Amidst all the terror, he found reason. Once again he jumped when he hit the bottom but it wasn’t useful. He was still surrounded by water. He trembled with fear as his hands and legs refused to move. Then he saw light- his eyes were out and his nose was almost out as well but then he started going down for the third time. This time he stopped giving any effort. There was no more panic. Everything was quiet and peaceful and then he passed into oblivion.
When his consciousness returned to him, he was lying on his stomach, vomiting. He heard that he nearly died. This unfortunate incident had a very negative impact on his mind and health. He walked home after several hours but he couldn’t eat. He was trembling and crying. This fear haunted him and he never went back to the pool. He was terrified for years.
A few years later, he heard of the water of Cascades and wished to get into them but his fear kept him from exploring. Whenever he was wading the Tieton or Bumping River or bathing in the Warm Lake of the Goat Rocks, the unpleasant memory of the pool would return to him and leave him paralysed with fear. He was deprived of the joy of fishing, canoeing, boating or swimming as a result of this terror.
Finally one October he decided to learn swimming from an instructor. He practiced in a pool five days a week, an hour each day. The instructor put a belt around him and attached a rope to it. He held on to the end of the rope as the author swam across the pool. The terror returned to the author every time his instructor relaxed his hold on the rope.
Gradually he learnt to exhale under water and then raise his nose and inhale. Eventually, the fear of putting his head under water left him and then the instructor taught him to kick with his legs. At first his legs didn’t work properly but then bit by bit he could command them. Finally, in April, the instructor was convinced that he could swim the length of the pool. He had created a swimmer.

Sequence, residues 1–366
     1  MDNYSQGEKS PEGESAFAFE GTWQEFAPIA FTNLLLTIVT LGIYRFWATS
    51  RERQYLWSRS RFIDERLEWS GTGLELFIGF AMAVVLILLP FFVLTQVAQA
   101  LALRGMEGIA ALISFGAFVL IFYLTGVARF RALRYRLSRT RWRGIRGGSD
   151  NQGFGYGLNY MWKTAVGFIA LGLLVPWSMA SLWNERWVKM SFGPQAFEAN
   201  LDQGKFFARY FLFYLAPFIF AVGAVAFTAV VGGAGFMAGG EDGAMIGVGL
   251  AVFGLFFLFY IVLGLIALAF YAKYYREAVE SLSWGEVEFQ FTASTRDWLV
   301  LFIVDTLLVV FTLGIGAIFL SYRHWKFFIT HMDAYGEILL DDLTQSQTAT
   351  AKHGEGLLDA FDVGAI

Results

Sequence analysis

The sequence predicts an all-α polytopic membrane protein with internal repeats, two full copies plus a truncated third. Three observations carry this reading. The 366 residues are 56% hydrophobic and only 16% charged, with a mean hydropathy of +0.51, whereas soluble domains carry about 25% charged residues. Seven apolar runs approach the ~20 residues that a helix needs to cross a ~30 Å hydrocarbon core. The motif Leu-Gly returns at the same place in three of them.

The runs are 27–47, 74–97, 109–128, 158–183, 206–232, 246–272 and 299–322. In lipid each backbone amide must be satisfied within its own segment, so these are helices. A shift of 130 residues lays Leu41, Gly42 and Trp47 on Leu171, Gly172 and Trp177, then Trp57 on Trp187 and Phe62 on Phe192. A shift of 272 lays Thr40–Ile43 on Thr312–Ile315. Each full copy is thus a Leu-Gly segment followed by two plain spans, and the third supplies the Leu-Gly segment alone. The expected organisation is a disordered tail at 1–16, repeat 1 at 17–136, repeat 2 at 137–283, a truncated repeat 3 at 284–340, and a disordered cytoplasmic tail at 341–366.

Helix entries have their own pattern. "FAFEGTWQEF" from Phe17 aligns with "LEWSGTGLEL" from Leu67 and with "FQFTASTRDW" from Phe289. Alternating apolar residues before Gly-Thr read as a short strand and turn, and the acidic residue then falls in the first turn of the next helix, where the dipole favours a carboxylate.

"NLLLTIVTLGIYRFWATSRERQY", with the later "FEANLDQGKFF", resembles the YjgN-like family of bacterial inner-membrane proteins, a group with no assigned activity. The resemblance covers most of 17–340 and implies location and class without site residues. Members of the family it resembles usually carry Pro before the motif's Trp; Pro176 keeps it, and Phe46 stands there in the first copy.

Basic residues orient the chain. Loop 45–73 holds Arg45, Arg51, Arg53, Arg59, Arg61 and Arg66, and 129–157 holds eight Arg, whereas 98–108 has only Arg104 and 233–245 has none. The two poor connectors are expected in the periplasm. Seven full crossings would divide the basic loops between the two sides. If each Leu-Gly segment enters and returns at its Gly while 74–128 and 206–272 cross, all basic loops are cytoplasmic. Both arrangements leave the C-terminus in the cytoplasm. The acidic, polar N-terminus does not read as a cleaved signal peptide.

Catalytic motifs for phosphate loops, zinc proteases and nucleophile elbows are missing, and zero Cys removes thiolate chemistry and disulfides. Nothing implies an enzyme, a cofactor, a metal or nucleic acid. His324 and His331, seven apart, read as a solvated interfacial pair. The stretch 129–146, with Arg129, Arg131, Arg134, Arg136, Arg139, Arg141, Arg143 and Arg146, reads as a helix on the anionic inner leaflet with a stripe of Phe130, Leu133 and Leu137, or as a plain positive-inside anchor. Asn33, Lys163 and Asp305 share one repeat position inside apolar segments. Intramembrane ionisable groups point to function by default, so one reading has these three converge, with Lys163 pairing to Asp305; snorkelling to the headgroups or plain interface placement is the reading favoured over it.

Despite the approval of his instructor, the author was dubious whether he would still be traumatised when he was alone in the pool. The fear did come back when he tried swimming alone but he fought it by swimming longer. He was still not fully satisfied and decided to go to Wentworth in New Hampshire. He dived off a dock and Triggs island and swam two miles across the lake to Stamp Act Island. Only once he felt the terror return when he was in the middle of the lake. But he paid no heed to it. Yet the author was not sure. At his first opportunity, he went up the Tieton to Comrad Meadows, up the Conrad Creek Trail to Medade Glacier and camped in the high meadow by the side of Warm Lake. The next morning he swam across to the other shore and back. For the first time he was sure that he had conquered his fear.
This experience gave Douglas great perspectives. He felt that only those who have known terror and conquered it can understand how he felt. He realized that there is peace it death and that the terror is only in the fear of death. He experienced both the feeling of dying and the terror that the fear of death can produce. Now that he had conquered his fear, he felt absolutely free and released.